Man United leading the way both on the pitch and the studio

Manchester United is in a familiar position, sat atop of the league standings looking down on everyone else. I’m not on about any false dawns in the league proper that have come about after a mere seven games. The table I refer to is the pundit league table, comprised of former players that turned into “experts” on various television platforms.

It is with a great debt to Gary Neville that United lead the way. As a player he was an easy target for hatred. He epitomised all the values and characteristics that fans of rival clubs hated about United. His swagger and focus seen as arrogance.

He always appeared to be running his mouth, and so many took great pleasure in his apparent demise against Stoke in October 2010. He was lucky to remain on the pitch and was duly substituted. It was clear his body could no longer perform the tasks requested from his mind.

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At that point it was inconceivable such a brain and overactive gob could provide detailed analysis. What followed was a transformation on camera. The steely focus in the eyes replaced by good natured banter with his co-hosts. More importantly than this, he filled the Andy Gray void on Sky Sports. Worries technical analysis would suffer were quickly eased. If anything, Neville evolved the standard of coverage.

Such is a testament to his skills, even his brother playing in the league doesn’t take points away from United. Phil was always seen as the weaker of the two on the field and the trend continues on the TV. His World Cup performances brought about a Twitter backlash. He took it with a smile on his face and has slowly improved. His points also have to be shared with Everton, he was their club captain.

Another pundit sharing out points to Everton is the aforementioned Andy Gray. While being a Marmite character it can’t be denied he moved coverage of football forward. After a few years of what were fancy tools for the time, but now commonplace, and a more relaxed approach to analysis, he left the traditional Match of the Day style reporting looking very antiquated. He continues to flourish abroad and would be a strong addition to any network. His points have to be spread with Aston Villa.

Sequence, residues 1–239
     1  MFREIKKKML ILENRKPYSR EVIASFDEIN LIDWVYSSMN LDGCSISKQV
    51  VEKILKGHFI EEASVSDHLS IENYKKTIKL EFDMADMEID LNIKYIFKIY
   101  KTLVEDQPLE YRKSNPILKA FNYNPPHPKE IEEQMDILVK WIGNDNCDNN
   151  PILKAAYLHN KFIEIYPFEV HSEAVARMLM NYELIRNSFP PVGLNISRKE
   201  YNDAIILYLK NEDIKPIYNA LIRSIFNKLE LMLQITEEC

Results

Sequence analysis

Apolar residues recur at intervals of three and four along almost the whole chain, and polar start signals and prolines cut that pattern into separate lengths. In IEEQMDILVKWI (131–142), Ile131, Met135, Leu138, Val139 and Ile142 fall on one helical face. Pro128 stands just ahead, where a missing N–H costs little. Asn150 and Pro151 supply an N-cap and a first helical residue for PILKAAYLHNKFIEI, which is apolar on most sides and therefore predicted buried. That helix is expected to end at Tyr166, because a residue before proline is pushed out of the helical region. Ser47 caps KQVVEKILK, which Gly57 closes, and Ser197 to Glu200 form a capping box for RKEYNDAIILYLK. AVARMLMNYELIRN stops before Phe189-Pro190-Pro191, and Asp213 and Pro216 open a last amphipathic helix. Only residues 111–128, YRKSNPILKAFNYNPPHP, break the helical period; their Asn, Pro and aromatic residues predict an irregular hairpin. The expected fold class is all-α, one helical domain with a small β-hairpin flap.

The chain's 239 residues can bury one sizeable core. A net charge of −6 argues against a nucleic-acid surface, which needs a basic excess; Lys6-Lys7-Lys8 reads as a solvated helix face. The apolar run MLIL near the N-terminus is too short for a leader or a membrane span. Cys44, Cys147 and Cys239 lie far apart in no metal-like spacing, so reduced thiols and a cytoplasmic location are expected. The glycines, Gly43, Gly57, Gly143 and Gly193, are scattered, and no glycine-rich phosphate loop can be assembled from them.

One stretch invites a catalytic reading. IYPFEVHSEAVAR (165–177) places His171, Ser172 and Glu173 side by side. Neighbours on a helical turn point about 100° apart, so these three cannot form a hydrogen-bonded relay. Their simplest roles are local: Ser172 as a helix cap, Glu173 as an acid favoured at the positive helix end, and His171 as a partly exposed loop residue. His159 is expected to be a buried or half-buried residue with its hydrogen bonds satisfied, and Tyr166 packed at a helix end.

They can’t benefit from Gray’s helping hand because they have Andy Townsend pulling them down. Quite how he survived the chop for 15 years in the ITV hot seat is a mystery. Clive Tyldesley undoubted helped matters. When the lead commentator is so annoying and poor it masks the inadequacies of his junior partner. To show he’s keeping his eye in, he appeared on last week’s Sunday Supplement and claimed Villa know how to rub it with the big clubs because they have won the European Cup. Yes, Andy, I’m sure that 1982 triumph helps the current setup every single day.

Liverpool should have a strong standing in the league. They certainly have thrown enough pundits at the campaign. Retired Alan Hansen was a strong performer. His only defect was sticking in the comfort zone of the BBC. By the end his style had become dated. Many found Mark Lawrenson boring but his dry sense of humour was lost on the Beeb.

Graeme Souness has done a better job scoring points for the Reds in this league than he did as manager, but sometimes there’s a fear he just says something – anything – to be different than his younger panel, in an attempt to remain relevant. Liverpool’s big guns come in the guise of Jamie Redknapp and Jamie Carragher. Redknapp the more seasoned of the two and originally the flamboyant sparkle to Sky’s coverage. Sadly he’s gone from an intoxicating cocktail to something resembling your mum’s weak cordial. Carragher speaks so little sense it sounds like he’s been drinking lots of the former.

Special mentions go to Alan Shearer who has done the reverse of Gary Neville. He’s gone from hero to zero. What makes his incorrect assumptions about the game worse is the smug face he uses when delivering them. Whenever he annoys just remind yourself he did get his beloved Newcastle relegated.

Lee Dixon collects heavily for Arsenal. It’s a shame he left BBC for ITV, he’d have been better served performing on Sky each week. He has a form of delivery and clear understanding of the game matched only by Gary Neville.

Some will argue that Roy Keane should be the cause of a Manchester United deduction. But it’s good to have a guy playing devil’s advocate while sounding like Satan. And while Paul Scholes may cause upset, I overlook this because for years I assumed he shared his voice with Sooty, the famous teddy bear puppet. It’s nice to know he has functioning speech.

All pundits above can be rest assured they will never be at the bottom of the table. Well, not as long as Michael Owen graces our airwaves.